Serial is just a way to send data (often text) between two devices bidirectionally. Operating systems generally expose the serial device to user space programs for them to use as they see fit. Under Linux they can be accessed through
/dev/ttyAMA0. Under Mac through
/dev/cu.usbserial or similar. And under windows it's called something like
The Raspberry Pi's serial device is at
/dev/ttyAMA0 from the pi's perspecitive. By default it writes the startup logs and then attached a terminal (aka a getty) to the serial device which allows you to control the pi over the serial line from a pc.
You can view and send commands to this terminal from your computer with a USB to serial adapter and a serial program like
screen (or one of many others) on Linux/Mac or
putty on Windows. The baud rate that the getty uses is
115200, this is the speed of the serial connection and must match on both sides of the serial line or you will just get corrupted data.
This is nice for general access to the pi without a network connection but is not the best way to control the pi programmatically. Instead it is better to write your own program to listen on the serial port on the pi and do things when it receives messages on it.
Disable the serial getty
To do this we need to first turn off the getty and logs that are configured by default. You can do this on rasbian by following this guide. On the latest raspbian you can do this by running the following. Or on older versions follow this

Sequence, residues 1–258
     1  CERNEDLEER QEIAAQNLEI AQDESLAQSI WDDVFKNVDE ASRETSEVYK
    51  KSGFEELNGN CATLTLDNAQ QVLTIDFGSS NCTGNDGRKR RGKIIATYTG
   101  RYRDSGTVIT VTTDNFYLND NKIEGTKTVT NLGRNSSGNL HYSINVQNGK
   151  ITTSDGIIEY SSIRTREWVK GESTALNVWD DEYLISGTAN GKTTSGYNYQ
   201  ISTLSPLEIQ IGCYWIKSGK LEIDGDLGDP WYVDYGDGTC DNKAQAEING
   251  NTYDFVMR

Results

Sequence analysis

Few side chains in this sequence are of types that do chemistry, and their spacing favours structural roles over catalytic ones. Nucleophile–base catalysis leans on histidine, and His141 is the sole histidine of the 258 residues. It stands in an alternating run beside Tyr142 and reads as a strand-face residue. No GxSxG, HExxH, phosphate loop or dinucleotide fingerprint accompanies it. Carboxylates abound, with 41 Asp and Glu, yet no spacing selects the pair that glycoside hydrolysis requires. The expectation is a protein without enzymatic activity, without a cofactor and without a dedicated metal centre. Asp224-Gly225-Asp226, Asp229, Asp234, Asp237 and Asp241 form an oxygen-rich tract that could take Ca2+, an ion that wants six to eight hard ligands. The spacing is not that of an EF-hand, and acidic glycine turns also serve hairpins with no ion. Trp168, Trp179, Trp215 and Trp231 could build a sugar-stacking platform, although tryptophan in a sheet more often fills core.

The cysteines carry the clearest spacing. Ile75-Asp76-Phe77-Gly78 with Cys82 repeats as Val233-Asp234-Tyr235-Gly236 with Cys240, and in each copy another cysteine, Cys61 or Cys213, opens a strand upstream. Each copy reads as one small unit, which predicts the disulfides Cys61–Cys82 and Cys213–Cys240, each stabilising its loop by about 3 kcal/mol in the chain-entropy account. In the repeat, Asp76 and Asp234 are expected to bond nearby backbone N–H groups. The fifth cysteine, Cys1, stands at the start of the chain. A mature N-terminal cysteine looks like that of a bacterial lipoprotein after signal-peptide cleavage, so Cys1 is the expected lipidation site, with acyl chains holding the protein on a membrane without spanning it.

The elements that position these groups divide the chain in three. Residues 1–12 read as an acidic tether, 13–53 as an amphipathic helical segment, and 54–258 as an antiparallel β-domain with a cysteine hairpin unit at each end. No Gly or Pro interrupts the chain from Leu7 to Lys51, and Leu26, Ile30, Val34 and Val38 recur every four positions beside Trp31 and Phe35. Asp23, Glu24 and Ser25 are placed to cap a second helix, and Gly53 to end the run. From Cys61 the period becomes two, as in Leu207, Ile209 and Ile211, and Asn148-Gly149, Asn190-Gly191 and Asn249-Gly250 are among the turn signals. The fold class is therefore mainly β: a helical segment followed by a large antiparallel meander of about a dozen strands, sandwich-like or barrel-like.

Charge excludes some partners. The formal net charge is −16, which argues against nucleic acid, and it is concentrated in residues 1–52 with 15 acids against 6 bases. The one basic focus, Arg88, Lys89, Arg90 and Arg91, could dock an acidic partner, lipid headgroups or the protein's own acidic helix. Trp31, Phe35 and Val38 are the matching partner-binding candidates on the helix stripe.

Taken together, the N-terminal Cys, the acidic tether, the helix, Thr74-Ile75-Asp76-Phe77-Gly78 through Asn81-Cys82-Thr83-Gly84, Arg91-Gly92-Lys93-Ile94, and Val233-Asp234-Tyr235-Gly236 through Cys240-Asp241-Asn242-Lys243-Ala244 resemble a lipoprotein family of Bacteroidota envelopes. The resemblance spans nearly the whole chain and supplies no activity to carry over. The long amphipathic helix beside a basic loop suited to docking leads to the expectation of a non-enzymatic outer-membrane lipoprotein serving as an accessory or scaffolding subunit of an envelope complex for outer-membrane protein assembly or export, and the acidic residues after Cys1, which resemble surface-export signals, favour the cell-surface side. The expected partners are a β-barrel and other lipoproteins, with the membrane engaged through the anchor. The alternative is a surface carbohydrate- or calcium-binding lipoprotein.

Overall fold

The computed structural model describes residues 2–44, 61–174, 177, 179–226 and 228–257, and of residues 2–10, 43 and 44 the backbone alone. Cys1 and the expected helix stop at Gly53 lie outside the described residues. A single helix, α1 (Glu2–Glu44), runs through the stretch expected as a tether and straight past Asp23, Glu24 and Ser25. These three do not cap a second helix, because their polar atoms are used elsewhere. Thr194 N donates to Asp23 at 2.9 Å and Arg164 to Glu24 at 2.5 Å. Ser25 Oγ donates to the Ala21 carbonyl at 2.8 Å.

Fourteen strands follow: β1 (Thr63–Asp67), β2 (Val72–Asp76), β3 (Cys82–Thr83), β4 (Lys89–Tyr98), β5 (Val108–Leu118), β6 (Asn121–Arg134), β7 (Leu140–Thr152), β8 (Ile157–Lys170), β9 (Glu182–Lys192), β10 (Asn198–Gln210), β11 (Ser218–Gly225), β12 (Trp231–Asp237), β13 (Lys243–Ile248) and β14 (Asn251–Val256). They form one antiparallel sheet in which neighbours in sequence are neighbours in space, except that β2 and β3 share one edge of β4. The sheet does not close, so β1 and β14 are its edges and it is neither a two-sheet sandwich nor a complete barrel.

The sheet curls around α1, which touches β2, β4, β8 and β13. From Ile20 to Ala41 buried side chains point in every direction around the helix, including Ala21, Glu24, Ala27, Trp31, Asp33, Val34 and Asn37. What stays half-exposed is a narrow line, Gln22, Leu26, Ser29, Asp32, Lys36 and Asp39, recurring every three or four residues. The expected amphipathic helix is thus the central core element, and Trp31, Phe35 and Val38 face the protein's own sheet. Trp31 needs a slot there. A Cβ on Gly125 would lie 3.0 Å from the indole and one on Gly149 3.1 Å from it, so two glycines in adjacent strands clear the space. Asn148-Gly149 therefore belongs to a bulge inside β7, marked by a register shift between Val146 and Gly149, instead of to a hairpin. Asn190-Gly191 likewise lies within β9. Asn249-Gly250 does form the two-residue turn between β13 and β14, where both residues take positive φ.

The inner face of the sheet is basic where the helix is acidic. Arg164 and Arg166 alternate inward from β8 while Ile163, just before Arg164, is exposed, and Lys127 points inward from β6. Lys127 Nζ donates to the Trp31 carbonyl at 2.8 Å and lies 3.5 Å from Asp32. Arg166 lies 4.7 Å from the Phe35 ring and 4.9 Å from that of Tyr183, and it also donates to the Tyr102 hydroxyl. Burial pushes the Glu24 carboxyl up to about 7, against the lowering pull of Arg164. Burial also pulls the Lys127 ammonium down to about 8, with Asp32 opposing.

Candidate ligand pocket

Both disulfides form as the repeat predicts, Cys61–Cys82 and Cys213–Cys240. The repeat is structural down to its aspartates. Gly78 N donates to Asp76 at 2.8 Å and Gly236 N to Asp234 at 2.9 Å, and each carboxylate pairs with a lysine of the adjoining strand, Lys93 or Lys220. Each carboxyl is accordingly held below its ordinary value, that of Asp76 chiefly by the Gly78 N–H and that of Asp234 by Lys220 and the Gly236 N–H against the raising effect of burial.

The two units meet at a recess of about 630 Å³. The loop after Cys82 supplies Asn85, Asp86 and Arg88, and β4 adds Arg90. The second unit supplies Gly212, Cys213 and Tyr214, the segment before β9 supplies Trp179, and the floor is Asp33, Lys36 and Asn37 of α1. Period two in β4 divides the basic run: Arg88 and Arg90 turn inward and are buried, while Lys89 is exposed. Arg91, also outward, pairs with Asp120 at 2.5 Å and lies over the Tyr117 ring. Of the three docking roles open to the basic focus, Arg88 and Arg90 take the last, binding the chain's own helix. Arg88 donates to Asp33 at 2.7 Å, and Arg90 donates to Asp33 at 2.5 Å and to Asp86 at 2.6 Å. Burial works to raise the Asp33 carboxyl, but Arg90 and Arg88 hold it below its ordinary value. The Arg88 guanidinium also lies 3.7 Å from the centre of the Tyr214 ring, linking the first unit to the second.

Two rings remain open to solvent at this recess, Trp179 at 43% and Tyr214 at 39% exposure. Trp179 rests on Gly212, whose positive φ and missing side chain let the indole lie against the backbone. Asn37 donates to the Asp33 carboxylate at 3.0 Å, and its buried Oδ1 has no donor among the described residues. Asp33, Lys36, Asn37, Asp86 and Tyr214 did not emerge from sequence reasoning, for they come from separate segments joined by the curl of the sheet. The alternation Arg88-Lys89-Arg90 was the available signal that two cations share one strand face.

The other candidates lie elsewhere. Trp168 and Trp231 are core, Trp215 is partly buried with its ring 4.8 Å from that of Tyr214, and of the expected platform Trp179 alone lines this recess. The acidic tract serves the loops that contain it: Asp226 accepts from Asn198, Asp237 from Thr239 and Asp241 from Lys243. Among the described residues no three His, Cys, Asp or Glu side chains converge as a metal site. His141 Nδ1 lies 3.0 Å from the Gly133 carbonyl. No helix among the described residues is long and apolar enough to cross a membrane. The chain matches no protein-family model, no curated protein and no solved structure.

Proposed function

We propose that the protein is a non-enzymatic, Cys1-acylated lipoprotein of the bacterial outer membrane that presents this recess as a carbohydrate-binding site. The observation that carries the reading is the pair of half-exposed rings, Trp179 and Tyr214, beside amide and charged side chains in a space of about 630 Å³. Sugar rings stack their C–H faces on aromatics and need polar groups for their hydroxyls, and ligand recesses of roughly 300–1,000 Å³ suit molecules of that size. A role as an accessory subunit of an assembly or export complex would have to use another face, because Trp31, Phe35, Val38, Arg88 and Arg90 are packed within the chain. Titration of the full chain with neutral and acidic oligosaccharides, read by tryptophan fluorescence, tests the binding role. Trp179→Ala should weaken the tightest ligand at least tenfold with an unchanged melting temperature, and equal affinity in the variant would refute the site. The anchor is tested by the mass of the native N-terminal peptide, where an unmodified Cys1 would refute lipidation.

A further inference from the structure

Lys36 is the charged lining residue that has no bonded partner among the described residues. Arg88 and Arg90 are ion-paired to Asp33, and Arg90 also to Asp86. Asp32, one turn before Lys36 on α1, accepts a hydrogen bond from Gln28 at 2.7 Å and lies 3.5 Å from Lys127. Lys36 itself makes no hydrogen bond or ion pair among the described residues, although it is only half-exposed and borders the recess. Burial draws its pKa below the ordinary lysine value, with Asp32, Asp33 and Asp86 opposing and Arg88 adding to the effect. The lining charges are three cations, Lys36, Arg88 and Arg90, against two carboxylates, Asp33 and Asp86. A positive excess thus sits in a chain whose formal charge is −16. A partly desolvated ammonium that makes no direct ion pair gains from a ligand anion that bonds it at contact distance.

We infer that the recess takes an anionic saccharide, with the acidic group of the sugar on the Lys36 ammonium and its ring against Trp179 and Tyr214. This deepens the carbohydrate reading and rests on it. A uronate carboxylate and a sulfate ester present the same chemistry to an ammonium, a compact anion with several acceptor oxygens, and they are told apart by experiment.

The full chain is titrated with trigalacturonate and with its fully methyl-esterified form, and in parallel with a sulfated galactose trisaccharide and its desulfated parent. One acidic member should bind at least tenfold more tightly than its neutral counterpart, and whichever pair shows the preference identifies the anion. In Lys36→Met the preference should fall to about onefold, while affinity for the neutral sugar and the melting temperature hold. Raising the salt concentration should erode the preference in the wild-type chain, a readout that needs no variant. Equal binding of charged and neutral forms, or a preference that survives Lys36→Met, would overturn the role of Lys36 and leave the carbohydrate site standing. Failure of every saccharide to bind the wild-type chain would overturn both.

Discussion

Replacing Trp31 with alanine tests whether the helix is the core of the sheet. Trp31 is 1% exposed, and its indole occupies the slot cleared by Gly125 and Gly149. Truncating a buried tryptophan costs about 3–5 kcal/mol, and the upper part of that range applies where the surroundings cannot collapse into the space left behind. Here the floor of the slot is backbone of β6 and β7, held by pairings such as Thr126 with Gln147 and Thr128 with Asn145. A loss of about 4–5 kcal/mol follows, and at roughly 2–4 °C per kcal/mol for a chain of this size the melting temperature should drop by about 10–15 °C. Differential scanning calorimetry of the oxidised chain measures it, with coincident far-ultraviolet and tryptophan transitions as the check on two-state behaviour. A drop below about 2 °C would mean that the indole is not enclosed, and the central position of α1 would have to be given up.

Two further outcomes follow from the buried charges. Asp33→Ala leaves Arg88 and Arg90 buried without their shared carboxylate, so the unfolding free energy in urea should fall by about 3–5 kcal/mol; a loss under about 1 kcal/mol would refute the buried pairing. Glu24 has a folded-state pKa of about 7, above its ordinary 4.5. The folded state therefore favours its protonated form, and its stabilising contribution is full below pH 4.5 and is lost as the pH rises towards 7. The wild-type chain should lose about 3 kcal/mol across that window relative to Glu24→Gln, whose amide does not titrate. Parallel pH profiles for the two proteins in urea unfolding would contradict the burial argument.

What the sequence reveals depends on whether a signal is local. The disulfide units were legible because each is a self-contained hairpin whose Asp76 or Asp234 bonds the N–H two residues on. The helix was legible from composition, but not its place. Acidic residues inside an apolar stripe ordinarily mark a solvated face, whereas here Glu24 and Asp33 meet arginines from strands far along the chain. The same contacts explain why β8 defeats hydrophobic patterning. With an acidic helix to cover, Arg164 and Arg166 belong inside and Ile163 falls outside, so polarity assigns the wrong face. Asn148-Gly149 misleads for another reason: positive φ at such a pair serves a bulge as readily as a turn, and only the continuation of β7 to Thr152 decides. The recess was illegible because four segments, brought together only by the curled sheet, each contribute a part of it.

sudo systemctl stop serial-getty@ttyAMA0.service
sudo systemctl disable serial-getty@ttyAMA0.service
sudo sed 's/console=serial0,115200 //' -i /boot/cmdline.txt
Then reboot. The terminal program running on your computer should be silent for this boot.
Python Serial Listener
Using python you can read from and write to a serial device using pyserial. Start by installing pyserial on the pi:
sudo apt-get install python-serial
Then save the following to a file called
echo.py (or anything you want).
with serial.Serial('/dev/ttyAMA0', 115200) as ser:
line = ser.readline()
ser.write(line.upper() + '\n')
Run this on your pi
python2 echo.py and then use the serial program we used before to talk to it on your computer. Note that most serial program send '\r' when you hit enter, but the above waits for '\n', you should be able to send that by pressing Ctrl+J.
Python Serial Writer
Once you have this working you can write another python program on your computer (not the pi this time) to send the messages for you. Remember to replace /dev/ttyUSB0 with you actual serial device. Save the following to
with serial.Serial('/dev/ttyUSB0', 115200) as ser:
ser.write('Hello world!' + '\n')
line = ser.readline()
echo.py running on the pi you can run
python2 send.py on your computer and see them communitcate.
Now you can expand these programs to do anything you want.